Customs Developments Affecting the Supply Chain

Forthcoming changes in the area of Customs this year serve to remind transportation managers of the importance of including Customs issues when planning supply chain strategy.

Since joining the World Customs Organization (WCO) in 1971, Canada has subscribed to the Harmonized Commodity Description and Coding System (HS), a multipurpose international product nomenclature developed by the WCO. The HS system comprises about 5,000 commodity groups, each identified by a six digit code, with a set of rules to determine product classification for Customs purposes (in layman’s terms, the HS forms the basis of the system used to determine rates of Customs duty). According to the WCO, the HS system is used by more than 200 countries and affects more than 98% of products in international trade.

In 2011, the WCO announced a number of modifications to the HS system as a result of changes in technology and international trade patterns. These modifications resulted in a number of changes to the Canadian Customs Tariff effective January 1, 2012, prompting importers to review products whose tariff classifications may have changed, which in turn may require revisions to Certificates of Origin pertaining to Free Trade Agreements, and Customs rulings for various product classifications.

Based on trade statistics reported by Foreign Affairs and International Trade Canada in 2010, the HS system determines rates of duty on merchandise imports from virtually all of Canada’s Top 10 import-trade partners: 1. the United States, 2. China, 3. Mexico, 4. Japan, 5. Germany, 6. United Kingdom, 7. Korea, 8. France, 9. Italy and 10. Taiwan.

The impact of these changes for transportation managers is (potentially) twofold. First, they may result in company-supplier changes within origin countries based on lower negotiated product costs to compensate for increased duty rates, and/or changes in suppliers to between origin countries. For transportation managers this can be a troublesome scenario as purchasing departments scramble to find alternate sources of supply. New supplier locations may not coincide with existing carrier rate agreements, necessitating new carrier rate negotiations, or proximity to origin ports, resulting in increased transportation handling and freight costs. Both of these scenarios reinforce the importance of Customs for transportation managers in terms of awareness of Customs issues, changes in world trade that can affect Canadian importers, and the need to integrate transportation and purchasing operations to support flexible, cost-effective supply chain processes.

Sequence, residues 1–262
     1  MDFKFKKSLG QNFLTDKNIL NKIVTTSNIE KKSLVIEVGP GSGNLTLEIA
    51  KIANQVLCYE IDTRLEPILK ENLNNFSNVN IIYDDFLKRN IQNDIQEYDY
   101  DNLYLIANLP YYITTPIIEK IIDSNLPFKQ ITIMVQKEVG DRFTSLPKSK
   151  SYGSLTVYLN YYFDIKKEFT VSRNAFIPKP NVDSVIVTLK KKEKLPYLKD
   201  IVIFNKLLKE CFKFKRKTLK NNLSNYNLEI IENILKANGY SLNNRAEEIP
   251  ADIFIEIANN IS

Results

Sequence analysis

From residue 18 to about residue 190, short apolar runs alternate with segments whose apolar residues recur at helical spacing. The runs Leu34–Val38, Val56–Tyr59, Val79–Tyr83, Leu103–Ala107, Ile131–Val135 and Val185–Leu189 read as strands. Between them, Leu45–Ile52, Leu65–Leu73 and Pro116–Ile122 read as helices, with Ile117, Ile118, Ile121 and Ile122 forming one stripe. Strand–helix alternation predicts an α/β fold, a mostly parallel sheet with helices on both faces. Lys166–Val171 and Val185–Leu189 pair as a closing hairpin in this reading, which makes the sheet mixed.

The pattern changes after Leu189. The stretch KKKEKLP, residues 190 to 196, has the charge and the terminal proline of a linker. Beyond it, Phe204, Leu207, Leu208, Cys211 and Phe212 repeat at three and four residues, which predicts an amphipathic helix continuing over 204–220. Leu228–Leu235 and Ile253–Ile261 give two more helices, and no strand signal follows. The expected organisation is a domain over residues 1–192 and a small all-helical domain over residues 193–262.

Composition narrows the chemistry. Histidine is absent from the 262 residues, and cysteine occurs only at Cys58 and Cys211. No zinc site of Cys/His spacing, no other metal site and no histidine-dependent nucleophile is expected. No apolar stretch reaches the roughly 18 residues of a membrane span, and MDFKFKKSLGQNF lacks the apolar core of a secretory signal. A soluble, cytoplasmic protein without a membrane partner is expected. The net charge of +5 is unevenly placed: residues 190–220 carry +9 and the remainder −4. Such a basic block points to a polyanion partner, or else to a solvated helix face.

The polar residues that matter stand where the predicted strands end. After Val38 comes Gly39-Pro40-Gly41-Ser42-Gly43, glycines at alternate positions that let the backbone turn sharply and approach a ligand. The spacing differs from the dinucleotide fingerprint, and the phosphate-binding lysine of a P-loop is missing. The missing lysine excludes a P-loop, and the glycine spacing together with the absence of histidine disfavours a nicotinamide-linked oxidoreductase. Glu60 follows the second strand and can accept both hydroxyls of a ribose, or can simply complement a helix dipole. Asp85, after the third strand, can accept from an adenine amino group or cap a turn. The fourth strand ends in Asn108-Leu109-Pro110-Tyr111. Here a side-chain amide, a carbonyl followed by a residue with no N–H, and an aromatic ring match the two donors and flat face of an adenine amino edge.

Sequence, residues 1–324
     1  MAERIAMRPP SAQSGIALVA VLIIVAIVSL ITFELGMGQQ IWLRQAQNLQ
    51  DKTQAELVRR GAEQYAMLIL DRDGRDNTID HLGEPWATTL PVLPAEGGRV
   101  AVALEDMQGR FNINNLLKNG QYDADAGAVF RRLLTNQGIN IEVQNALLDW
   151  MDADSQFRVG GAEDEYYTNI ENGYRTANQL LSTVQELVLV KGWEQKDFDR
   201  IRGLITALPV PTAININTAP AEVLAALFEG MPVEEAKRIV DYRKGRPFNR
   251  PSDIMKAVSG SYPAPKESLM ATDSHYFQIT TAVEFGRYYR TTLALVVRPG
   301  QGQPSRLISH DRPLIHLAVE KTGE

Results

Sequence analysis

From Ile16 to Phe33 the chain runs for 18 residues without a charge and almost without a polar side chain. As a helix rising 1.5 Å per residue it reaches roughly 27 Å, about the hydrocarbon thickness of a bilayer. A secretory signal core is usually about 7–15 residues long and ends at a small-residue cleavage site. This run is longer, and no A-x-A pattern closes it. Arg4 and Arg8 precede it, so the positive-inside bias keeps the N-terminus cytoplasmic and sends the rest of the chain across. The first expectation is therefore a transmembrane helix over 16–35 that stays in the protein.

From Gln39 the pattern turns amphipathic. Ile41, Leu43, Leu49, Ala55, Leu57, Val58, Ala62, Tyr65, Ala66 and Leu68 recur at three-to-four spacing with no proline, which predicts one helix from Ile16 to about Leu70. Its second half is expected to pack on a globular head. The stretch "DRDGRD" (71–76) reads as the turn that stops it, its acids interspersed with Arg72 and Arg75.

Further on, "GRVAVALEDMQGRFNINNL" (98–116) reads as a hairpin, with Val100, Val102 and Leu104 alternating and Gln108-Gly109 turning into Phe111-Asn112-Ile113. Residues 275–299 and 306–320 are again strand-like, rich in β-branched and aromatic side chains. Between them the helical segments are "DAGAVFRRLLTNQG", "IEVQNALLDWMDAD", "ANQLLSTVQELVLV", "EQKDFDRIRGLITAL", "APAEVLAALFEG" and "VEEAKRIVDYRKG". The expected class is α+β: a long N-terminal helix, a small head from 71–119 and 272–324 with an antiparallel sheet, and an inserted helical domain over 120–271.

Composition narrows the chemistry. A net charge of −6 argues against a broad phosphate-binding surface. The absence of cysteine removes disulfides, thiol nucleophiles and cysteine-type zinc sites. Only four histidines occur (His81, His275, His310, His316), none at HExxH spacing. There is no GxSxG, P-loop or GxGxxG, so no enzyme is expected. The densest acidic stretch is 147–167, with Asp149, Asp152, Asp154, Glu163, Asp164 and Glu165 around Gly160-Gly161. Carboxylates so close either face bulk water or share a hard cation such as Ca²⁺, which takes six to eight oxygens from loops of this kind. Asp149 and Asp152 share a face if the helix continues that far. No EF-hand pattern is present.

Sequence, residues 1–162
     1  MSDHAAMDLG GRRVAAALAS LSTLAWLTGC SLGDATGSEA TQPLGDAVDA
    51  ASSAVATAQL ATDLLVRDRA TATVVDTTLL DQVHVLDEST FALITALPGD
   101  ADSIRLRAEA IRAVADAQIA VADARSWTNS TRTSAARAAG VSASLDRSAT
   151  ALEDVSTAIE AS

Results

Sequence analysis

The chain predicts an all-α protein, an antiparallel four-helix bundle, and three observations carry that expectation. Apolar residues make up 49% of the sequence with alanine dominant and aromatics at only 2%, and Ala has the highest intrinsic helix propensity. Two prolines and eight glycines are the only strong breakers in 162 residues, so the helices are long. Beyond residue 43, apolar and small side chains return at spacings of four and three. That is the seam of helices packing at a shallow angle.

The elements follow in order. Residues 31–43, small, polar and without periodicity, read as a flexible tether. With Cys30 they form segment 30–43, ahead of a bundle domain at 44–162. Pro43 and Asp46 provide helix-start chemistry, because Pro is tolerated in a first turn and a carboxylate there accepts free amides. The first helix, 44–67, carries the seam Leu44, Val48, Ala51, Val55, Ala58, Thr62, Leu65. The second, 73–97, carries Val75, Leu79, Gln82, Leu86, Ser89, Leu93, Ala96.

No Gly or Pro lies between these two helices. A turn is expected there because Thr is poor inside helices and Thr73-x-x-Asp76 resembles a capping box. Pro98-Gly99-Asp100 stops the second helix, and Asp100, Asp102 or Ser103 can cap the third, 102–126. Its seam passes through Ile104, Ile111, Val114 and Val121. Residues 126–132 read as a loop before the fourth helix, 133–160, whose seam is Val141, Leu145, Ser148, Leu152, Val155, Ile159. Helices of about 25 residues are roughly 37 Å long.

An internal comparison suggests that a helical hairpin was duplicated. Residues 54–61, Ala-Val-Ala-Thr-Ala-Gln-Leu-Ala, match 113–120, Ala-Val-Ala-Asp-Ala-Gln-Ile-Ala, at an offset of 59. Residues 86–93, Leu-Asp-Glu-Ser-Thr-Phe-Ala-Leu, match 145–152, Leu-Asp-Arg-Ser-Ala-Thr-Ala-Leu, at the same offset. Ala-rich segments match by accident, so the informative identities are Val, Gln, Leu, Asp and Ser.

Another Customs issue of concern for Canadian importers is Phase 3 of the Advance Commercial Information (ACI) program, more commonly known as “eManifest”. ACI is designed to provide the Canada Border Services Agency (CBSA) with electronic pre-arrival information regarding cargo shipments destined for Canada.

ACI Phase 1 was implemented in 2004, requiring marine transportation carriers to electronically transmit pre-arrival information to CBSA 24-hours before loading cargo at a foreign port. ACI Phase2 was implemented in 2006, requiring air carriers and freight forwarders to electronically transmit cargo data to CBSA 4-hours before arrival in Canada, as well as expanding the marine requirements in Phase 1 to shipments loaded in the United States.

ACI Phase 3, or “eManifest”, will require electronic transmission of cargo data from carriers for all highway and rail shipments, the majority of import shipments to Canada originating from, or transiting through, the United States by surface modes transport. ACI Phase 3 will impact the largest number of shipments destined for Canadian importers, with highway carriers required to send shipment details electronically to CBSA at least one hour before reaching the Canadian border.

The requirement for surface carriers to electronically transmit information to CBSA before shipments arrive in Canada has tremendous significance in terms of the possibility for delay, or potential inadmissibility, of shipments. Transportation managers who control inbound freight movements for example, may wish to verify eManifest transmission capabilities with their existing carriers.  This may also be reason to reexamine supplier agreements where freight costs are prepaid (included in the product price), or freight collect where the supplier is responsible for carrier selection.

CBSA commenced eManifest implementation for highway carriers on November 1, 2011. Based on a rolling 0-12-18 month schedule, highway carriers that do not comply with the requirement to electronically transmit cargo data prior to arrival at the border by November 1, 2012 will be denied entry and may incur zero-rated penalties. Highway carriers that do not comply with eManifest requirements by May 1, 2013 may be denied entry to Canada and face monetary penalties.

The United States has implemented similar eManifest requirements under its Automated Commercial Environment (ACE) program. It is also worth noting that the data required under eManifest is harmonized where possible with the WCO in order to streamline the administrative burdens.

As a result, for importers concerned about timely cross-border delivery, control of the cargo movement, ensuring that eManifest requirements are adhered to, may form the basis of Shipper/Receiver/Carrier/Customs broker partnerships in future.

Posted by: Laurie Turnbull, CITT, P.MM – Supply Chain Consultant, Cole International

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